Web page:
So the strongest point I can make here is to claim, as I did in the preceding section, that physicalism—along with an eschatological hope for resurrection of the body—leads more naturally to a concern for the physical world and its transformation than does dualism.1

Murphy highlights the physical resurrection of the body as the primary fixture of biblical anthropology and, though more subtly, implies the holistic nature of the human. In several places Murphy, along with Joel B. Green and other monists, argues that holism implicitly excludes dualism.2

There are two important responses a dualist should make.

But holism in no way excludes dualism; the physical resurrection is not the only fact of biblical anthropology. John Cooper argues this point forcefully in his Souls, Bodies, and Life Everlasting. He says that dualism accounts for both the physical resurrection of the body and the holistic nature of humanity—because resurrection is the final state of humanity. Also, Scripture emphasizes the holistic nature which the resurrection doctrine seems to entail; that is, humans are unified beings rather than divided beings. In fact, as Cooper carefully shows, the human can be holistic in nature because the person is functionally united as a soul-body unit that functions, ideally, in harmony. And, when the soul acts in ways that disagree with or ignore aspects of the body or brain, it affects the states of the soul and vice versa.3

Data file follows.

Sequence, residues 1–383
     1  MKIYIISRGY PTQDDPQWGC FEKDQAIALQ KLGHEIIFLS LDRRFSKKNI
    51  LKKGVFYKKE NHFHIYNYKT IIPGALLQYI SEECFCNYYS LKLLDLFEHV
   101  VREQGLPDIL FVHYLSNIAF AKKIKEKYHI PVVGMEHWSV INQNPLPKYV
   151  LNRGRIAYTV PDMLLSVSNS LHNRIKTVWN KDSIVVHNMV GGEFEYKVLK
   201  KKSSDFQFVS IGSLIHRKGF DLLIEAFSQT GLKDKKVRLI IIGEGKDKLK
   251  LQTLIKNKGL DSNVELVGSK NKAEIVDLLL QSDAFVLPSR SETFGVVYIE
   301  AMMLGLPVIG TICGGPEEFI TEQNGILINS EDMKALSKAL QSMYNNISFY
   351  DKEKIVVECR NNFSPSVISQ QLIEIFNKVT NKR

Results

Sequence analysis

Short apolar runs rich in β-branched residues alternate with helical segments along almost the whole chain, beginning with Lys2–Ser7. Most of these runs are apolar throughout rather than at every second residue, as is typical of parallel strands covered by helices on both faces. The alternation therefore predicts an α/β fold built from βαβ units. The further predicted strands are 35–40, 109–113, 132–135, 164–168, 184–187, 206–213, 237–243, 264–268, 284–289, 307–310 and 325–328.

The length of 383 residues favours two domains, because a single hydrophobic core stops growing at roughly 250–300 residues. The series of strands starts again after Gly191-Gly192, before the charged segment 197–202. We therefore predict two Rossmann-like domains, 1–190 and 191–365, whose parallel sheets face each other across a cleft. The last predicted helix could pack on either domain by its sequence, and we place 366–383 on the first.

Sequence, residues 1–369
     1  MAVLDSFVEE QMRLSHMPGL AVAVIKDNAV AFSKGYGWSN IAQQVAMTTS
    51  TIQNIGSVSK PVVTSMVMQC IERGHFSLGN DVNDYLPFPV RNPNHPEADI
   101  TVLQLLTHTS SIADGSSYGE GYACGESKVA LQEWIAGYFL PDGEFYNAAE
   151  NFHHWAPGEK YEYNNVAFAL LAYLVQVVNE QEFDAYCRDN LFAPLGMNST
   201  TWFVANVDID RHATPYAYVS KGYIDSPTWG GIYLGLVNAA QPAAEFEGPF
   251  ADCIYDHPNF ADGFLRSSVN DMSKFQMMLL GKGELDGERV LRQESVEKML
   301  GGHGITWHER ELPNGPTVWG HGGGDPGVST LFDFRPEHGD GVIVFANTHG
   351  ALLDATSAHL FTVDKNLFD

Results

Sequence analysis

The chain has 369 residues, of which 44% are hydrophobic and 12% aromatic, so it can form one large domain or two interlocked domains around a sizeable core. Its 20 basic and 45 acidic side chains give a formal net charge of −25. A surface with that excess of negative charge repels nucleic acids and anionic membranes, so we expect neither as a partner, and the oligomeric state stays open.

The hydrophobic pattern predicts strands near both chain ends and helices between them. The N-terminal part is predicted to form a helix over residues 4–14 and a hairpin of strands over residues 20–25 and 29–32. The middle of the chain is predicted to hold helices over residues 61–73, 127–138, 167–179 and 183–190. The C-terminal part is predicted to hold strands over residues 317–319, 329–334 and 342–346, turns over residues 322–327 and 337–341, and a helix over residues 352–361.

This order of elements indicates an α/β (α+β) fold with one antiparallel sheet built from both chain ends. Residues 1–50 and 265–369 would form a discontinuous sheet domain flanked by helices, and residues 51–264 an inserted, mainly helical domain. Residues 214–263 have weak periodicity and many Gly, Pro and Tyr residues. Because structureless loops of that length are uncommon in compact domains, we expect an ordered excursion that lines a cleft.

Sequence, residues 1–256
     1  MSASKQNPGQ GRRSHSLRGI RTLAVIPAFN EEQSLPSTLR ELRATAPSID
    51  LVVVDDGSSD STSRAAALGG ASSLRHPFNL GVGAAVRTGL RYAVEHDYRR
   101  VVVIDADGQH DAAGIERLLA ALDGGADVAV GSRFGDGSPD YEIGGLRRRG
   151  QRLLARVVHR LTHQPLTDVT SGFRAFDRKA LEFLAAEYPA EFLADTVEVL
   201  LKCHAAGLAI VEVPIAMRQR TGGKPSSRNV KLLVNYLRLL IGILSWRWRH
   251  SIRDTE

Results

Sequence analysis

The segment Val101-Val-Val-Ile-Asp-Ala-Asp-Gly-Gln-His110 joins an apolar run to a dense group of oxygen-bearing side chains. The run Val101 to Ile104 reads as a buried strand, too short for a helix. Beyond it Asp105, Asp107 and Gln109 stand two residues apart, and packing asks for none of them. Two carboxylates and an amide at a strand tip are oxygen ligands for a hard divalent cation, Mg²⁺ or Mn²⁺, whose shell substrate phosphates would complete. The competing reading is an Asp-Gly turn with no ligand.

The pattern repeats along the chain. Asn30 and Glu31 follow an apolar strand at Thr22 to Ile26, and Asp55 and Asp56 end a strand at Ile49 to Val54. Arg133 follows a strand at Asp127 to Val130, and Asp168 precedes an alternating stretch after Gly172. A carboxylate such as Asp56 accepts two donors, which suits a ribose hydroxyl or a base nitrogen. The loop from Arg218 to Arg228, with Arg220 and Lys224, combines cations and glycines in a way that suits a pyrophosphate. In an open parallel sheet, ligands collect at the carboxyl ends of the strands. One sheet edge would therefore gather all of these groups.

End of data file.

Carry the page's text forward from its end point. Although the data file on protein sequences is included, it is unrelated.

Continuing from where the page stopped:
For example, quite simply, when the soul (or mind) chooses to avoid drinking water and the body becomes dehydrated, the states of the soul (or mind) is negatively affected. In a similar way, when the soul attends for too long to negative beliefs or emotions, this begins to stress the body. So, accordingly, the soul and body function in unison, and when they find a proper balance, not only does the body function properly, but the soul perceives more clearly. If Cooper is right, then dualism does more, not less, than monism.